Companies typically survive in the crane, rigging, and transport industry for similar reasons: commitment to core principals, operational efficiency, ingenuity, a keen eye on safety, and top-notch customer service. Within this spectrum, certain names rise to the top because of their willingness to go even farther to assure that these values are continuously recognized and practiced. Edwards Moving & Rigging, out of Shelbyville, Kentucky, is one of these companies.
Since 1961, Edwards has worked tirelessly to achieve and maintain excellence in the heavy haul and rigging industry. The company was built upon a three-fold corporate philosophy designed specifically for the benefit of their clients—Safety, Quality, and Service—and they’ve been solving some of America’s most complex over-sized and over-weight transportation and rigging problems for over 50 years as a result.
Edwards has maintained a competitive edge by retaining its skilled personnel and steadily training them to meet the demands of the ever-evolving industry. They’ve also dedicated themselves to investing in the most state-of-the-art equipment in the world. Combine these commitments with a relentless attention to detail and old-fashioned hard work, and you get one of the most respected and accomplished names in the hauling and rigging industry.
It will come as no surprise then to learn that Edwards just finished a perfectly befitting project (literally wrapped it up as this issue went into production) involving 14 super-load pieces (the largest exceeding 350,000 pounds) that arrived at the Port of New Orleans from China, and were then loaded onto barges for a three-week journey up the Mississippi and Ohio Rivers to the Ford Truck Plant (FTP) in Louisville, Kentucky.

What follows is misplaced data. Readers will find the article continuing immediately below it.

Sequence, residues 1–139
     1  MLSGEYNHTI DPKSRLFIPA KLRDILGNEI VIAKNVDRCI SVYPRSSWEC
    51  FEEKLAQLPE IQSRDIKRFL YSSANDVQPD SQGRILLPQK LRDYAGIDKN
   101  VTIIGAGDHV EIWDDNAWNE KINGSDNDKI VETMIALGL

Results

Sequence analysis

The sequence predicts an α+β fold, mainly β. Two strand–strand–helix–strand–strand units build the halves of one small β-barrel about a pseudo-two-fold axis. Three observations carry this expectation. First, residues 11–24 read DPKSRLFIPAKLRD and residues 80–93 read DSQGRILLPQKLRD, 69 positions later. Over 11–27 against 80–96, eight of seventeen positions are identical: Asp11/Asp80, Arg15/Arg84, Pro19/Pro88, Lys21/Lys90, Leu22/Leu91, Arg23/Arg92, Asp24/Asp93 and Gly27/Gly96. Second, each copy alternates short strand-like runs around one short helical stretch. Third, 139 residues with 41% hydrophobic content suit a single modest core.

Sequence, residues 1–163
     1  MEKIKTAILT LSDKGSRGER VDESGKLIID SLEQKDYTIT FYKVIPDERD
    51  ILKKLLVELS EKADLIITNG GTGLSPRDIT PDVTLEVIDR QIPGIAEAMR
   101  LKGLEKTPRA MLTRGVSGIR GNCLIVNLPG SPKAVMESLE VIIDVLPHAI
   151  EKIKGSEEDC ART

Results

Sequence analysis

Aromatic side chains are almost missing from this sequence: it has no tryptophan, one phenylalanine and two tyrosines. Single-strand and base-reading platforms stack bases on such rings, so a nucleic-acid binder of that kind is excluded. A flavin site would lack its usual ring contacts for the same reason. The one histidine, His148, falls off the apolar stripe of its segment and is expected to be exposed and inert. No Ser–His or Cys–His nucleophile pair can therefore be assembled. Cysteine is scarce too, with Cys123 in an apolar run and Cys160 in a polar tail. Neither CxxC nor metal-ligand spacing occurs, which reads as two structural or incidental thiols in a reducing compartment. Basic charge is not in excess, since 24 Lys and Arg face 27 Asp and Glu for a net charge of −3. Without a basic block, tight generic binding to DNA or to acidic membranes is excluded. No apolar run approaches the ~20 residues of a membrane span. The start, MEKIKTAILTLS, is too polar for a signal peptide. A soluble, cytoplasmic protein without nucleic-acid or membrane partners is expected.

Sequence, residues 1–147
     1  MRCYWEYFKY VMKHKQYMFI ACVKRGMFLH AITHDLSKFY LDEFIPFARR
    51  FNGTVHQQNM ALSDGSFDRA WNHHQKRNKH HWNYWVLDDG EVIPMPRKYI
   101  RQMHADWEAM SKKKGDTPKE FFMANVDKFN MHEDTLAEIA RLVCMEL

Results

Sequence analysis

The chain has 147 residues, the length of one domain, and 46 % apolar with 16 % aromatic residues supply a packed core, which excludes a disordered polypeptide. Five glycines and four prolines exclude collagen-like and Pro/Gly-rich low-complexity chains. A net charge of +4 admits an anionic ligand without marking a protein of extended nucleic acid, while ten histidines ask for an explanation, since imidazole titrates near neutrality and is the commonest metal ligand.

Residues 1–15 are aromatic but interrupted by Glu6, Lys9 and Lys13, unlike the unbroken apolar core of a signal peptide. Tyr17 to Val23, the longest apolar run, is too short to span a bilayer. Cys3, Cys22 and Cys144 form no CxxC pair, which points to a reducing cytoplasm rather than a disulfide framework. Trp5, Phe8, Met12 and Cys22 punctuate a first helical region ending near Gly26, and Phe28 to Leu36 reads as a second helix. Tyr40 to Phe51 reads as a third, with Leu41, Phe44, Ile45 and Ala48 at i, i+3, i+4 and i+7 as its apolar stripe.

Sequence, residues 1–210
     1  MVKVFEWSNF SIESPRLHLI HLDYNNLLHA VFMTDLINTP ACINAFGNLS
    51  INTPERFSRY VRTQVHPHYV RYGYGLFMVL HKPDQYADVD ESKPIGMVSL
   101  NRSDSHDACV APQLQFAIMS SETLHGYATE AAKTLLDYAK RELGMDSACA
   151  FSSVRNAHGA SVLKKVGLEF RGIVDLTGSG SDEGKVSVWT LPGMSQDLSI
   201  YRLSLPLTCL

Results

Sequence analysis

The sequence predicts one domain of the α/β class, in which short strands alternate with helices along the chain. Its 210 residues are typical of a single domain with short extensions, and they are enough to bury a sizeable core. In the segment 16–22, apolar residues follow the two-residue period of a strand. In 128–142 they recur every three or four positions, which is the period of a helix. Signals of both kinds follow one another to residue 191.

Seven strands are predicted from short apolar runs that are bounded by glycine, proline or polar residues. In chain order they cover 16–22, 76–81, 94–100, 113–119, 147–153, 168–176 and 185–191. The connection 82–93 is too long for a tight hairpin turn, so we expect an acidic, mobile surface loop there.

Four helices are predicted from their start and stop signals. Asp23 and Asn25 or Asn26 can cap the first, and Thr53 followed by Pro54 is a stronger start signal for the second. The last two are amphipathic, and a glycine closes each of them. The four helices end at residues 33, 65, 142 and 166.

Project Lead Andy White explained that the destination was ultimately Louisville, where the cargo was offloaded by crane onto an Edwards multi-axle transporter and hauled another 12 miles to the plant where it was offloaded by gantry and set in place. (The Edwards portion of the endeavor eventually ended as each piece was delivered to the gantry hook.)
“This was an ideal turn-key, multi-modal project for Edwards,” White said. “We were involved from start to finish and managed the logistical and organizational details throughout.”
Essentially, Edwards received four stamping presses for one tandem line, consisting of (one) 2,500-metric-ton, (one) 1,600-metric-ton, and (two) 1,000-metric-ton presses from China, at the port of New Orleans—starting general discharging on September 30th. (The receipt of request for quotation [RFQ] became official on April 29th, with the Award of Contract landing on July 8th. The 14 super loads were all delivered on schedule between November 10th and 20th, 2014.)
Fourteen of the larger pieces were put on two hopper barges—the pieces were large enough that it was more economical to put them on barges rather than ship them over the roads. In conjunction with these pieces, about 285 smaller crated pieces were staged at the port based on a pre-planned load sequence, and then loaded to over-the-road (OTR) trucks and delivered to the FTP at an average rate of 10 trucks per day.